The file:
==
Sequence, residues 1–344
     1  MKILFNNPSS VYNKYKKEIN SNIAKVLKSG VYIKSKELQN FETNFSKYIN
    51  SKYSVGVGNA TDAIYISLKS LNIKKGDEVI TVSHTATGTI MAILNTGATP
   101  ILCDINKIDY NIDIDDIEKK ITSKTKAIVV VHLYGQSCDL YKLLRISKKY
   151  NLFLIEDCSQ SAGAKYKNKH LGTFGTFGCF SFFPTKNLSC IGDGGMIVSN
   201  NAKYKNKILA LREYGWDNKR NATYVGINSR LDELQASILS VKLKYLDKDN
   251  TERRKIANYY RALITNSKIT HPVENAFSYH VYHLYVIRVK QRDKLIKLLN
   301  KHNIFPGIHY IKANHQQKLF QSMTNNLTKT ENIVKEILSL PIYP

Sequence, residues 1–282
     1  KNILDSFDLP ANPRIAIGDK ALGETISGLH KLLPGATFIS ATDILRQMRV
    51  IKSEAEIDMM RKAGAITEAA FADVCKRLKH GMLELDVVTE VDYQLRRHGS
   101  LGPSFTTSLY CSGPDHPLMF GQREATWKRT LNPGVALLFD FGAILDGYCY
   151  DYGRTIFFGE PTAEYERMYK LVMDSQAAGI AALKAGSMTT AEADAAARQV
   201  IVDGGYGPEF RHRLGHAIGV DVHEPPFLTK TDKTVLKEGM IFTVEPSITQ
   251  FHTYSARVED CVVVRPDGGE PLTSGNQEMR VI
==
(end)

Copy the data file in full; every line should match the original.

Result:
Sequence, residues 1–344
     1  MKILFNNPSS VYNKYKKEIN SNIAKVLKSG VYIKSKELQN FETNFSKYIN
    51  SKYSVGVGNA TDAIYISLKS LNIKKGDEVI TVSHTATGTI MAILNTGATP
   101  ILCDINKIDY NIDIDDIEKK ITSKTKAIVV VHLYGQSCDL YKLLRISKKY
   151  NLFLIEDCSQ SAGAKYKNKH LGTFGTFGCF SFFPTKNLSC IGDGGMIVSN
   201  NAKYKNKILA LREYGWDNKR NATYVGINSR LDELQASILS VKLKYLDKDN
   251  TERRKIANYY RALITNSKIT HPVENAFSYH VYHLYVIRVK QRDKLIKLLN
   301  KHNIFPGIHY IKANHQQKLF QSMTNNLTKT ENIVKEILSL PIYP

Sequence, residues 1–282
     1  KNILDSFDLP ANPRIAIGDK ALGETISGLH KLLPGATFIS ATDILRQMRV
    51  IKSEAEIDMM RKAGAITEAA FADVCKRLKH GMLELDVVTE VDYQLRRHGS
   101  LGPSFTTSLY CSGPDHPLMF GQREATWKRT LNPGVALLFD FGAILDGYCY
   151  DYGRTIFFGE PTAEYERMYK LVMDSQAAGI AALKAGSMTT AEADAAARQV
   201  IVDGGYGPEF RHRLGHAIGV DVHEPPFLTK TDKTVLKEGM IFTVEPSITQ
   251  FHTYSARVED CVVVRPDGGE PLTSGNQEMR VI